Assad is pursuing a particular narrative of the Syrian conflict that looks increasingly at odds with Russian preferences. The Russians have done everything in their power to sustain Assad’s regime, but the aim was almost certainly to impose a political outcome that preserved their interests. However, it is becoming apparent that they may be more Assad’s hostage than he is theirs. Despite Putin’s vaunted tactical prowess, the reality is that a tin-pot Syrian dictator who has lost control of most of his country has somehow outmaneuvered his Russian patrons.

Weakness can be a virtue in international politics. Assad’s vulnerabilities are such that his regime can still collapse, which would represent a major reversal for Russia (and Iran). But this has allowed Assad to increase his options – first by surrendering nothing on a transitional government at the Geneva talks last January, then by imposing a fait accompli in preparing for his re-election, which Bogdanov had criticized before Geneva. At every stage, Moscow has had to bend to Assad’s agenda.  

The United Nations’ special envoy on Syria, Lakhdar Brahimi, has refused to schedule a new round of talks in Geneva. In large part that is because there continues to be disagreement between the United States and the UN on the one side, and Russia on the other, over the aims of such a conference. The Geneva I conference, held in June 2012, and which included Russia, had called for a “transitional government body with full executive powers.” But today the Russians are unwilling to push Assad in that direction. More significantly, they appear unable to.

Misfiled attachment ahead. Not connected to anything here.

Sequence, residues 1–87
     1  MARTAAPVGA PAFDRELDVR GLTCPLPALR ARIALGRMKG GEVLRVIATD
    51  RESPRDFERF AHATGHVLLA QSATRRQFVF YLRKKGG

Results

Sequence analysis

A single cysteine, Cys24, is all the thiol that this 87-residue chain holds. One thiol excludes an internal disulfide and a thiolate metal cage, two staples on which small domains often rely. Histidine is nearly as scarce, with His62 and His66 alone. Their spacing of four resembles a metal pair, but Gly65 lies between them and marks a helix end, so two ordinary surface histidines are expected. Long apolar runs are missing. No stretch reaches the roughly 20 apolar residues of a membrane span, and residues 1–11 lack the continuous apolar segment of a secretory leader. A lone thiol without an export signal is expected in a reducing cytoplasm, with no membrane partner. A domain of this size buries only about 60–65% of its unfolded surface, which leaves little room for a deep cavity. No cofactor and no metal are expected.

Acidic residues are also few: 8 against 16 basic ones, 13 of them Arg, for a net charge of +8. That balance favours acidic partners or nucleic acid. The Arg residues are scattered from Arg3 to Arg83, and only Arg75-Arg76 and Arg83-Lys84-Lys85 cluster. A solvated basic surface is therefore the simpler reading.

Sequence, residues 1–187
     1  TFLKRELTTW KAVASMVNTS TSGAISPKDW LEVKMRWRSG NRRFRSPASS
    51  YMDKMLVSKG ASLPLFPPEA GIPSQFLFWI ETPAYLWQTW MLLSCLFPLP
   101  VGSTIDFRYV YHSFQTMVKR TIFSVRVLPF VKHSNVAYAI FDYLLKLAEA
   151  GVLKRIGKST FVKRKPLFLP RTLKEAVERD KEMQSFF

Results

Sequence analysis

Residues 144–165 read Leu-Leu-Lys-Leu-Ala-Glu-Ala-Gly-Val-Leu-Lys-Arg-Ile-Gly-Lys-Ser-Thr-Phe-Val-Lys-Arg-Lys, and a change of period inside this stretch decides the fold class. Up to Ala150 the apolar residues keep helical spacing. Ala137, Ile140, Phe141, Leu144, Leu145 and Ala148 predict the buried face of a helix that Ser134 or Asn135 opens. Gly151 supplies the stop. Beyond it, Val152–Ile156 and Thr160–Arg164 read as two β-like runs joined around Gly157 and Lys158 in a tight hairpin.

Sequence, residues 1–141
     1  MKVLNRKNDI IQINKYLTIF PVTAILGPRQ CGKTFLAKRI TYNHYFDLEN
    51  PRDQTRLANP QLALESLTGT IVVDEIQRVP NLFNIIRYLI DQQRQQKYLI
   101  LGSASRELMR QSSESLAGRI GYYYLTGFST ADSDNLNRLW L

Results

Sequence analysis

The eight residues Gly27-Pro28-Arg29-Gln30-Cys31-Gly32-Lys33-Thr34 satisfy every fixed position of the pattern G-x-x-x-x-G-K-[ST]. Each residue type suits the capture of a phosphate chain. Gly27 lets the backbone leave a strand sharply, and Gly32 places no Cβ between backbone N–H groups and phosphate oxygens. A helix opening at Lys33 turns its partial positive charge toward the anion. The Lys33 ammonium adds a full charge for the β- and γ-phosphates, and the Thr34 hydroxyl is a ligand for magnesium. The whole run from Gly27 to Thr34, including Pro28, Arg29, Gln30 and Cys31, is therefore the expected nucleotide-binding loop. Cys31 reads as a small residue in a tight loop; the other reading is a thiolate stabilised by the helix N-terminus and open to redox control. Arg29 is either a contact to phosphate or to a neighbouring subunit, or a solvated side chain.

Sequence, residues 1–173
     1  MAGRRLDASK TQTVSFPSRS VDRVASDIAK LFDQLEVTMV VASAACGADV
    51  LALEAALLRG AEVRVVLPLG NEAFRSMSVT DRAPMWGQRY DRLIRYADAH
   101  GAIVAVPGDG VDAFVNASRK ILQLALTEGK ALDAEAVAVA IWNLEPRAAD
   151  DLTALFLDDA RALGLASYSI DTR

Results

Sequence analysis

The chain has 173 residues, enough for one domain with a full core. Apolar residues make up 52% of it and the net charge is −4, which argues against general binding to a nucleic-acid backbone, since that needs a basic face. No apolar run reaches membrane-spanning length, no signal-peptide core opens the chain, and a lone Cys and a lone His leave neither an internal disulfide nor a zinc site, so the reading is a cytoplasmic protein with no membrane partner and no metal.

If Assad can relish the fact that he has defended his position against Putin, it’s an entirely different story whether he can do so against his Syrian foes. His optimistic remarks about an imminent end to the war in Syria are somewhat reminiscent of the joke in which a man announces that he will soon marry the top model Claudia Schiffer: “I agree, as do my parents. Now all I need to do is persuade Claudia,” he says.

Assad’s belief that he will soon win in Syria seems ludicrous. And even if he can consolidate his control over Syria’s urban areas and the communication lines between Damascus, Aleppo and the coast, any effort to regain the south and the east of the country can hardly be reduced to “anti-terrorism” actions.

While Assad has an interest in displaying confidence, too much of it can come back to bite you. President George W. Bush learned that lesson after prematurely declaring, in May 2003, that military operations in Iraq had come to an end.

If Assad is after a military solution in Syria then the tragedy of the country will drag on for years. It is difficult to see what the Russian advantage is in permitting this, let alone the Iranian advantage, with Assad so costly a project to sustain. But the Syrian leader cares little. His aim is to survive, whether over the corpses of his citizens or the misgivings of his allies.

Thursday, April 10, 2014

The presidential chess game has begun

Samir Geagea has declared his candidacy for the Lebanese presidential election, launching a thousand speculations. The Lebanese Forces leader has pushed his allies into a corner, forcing them to support him. He feels that, even though he may not win, the prospect of a Geagea victory remains far more credible than one by Michel Aoun. But how true is that?

Geagea’s calculation is roughly as follows. He reckons that, with March 14 and independent support, he would have well over 50 votes in his favor. With the backing of Walid Jumblatt’s bloc, the Lebanese Forces leader would be able to garner the 65 votes needed to win an election in a second round of voting. There are two problems with this assessment: Geagea’s estimation of the votes he already has seems quite optimistic and Walid Jumblatt’s backing is in now way guaranteed, on the contrary.